Perception and Action
Human performance is affected by both the ability to process and interpret sensory information (perception) as well as the ability to plan and execute complex movements (action). While related study often highlights the relative contributions of perception and action, it is often the inter-dependence of these that is most relevant to subsequent behaviour.
While the study of perception and action is often associated primarily with experimental psychology and neuroscience with an emphasis on theory, this module will focus on the application of theory to real world situations, focusing particularly on those situations relevant to performance and rehabilitation.
The module will take the study of attention as a starting point, introducing students to influential theories and findings from empirical studies, before considering more applied areas such as the nature of attentional deficits (e.g. following brain injury), related rehabilitation and how the modulation of attention can enhance and diminish performance.
The module will then address the representation of actions focusing initially on the study of motor imagery. Again, the emphasis will be on performance, identifying not only how this can be improved but also what can go wrong through the consideration of phantom limbs, the rubber hand illusion and anosognosia (a deficit in the awareness of action).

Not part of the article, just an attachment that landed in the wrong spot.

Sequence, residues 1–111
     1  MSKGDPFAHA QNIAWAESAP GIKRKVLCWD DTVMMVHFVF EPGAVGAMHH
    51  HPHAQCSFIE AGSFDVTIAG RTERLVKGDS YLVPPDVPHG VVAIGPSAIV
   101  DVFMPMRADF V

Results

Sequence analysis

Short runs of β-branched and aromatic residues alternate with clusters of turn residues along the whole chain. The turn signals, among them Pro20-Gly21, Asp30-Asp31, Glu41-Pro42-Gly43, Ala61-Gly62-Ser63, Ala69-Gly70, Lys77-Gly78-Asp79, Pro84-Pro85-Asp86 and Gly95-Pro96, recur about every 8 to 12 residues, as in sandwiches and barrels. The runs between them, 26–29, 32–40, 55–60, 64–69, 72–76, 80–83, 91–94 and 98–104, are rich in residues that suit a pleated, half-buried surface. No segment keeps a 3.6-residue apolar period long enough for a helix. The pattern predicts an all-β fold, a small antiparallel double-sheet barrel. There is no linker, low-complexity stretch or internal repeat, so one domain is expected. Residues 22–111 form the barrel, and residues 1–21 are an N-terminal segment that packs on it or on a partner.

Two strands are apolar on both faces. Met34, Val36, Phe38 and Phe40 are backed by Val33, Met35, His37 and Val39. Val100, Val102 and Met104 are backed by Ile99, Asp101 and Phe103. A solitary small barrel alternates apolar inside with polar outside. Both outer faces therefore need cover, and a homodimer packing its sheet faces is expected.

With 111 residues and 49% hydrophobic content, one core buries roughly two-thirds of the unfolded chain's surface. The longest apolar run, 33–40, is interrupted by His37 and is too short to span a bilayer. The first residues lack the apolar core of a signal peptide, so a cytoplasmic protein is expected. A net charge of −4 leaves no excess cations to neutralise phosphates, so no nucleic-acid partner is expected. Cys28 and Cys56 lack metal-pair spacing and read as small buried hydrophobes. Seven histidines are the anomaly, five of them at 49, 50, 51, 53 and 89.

Finally, the module will consider the control of complex actions such as reaching to grasp objects, bimanual coordination as well as balance. The module will consider how enhancing and disrupting perception modifies behaviour and how intervention for those individuals with related difficulties can be driven by knowledge of underlying theories and evidence.
The module will also have a strong experimental thread running throughout with students gaining experience with classicand novel experimental tasks in the lab. These tasks will be introduced in lectures and discussed in seminars allowing students to reflect on how evidence is generated, the strengths of related knowledge and the limitations when applying knowledge to other situations.
By the end of the module students should be able to:
- Recognise the multi-disciplinary (e.g. experimental psychology, neuropsychology, sport science, rehabilitation science) contributions to the study of human behaviour in the field of perception and action.
- Understand and give examples of how perception and action are interdependent processes
- Analyse data from classic experimental tasks and evaluate the veracity of related influential theories.
- Discuss the translation of theories to clinical and other applied settings.
Lab report, examination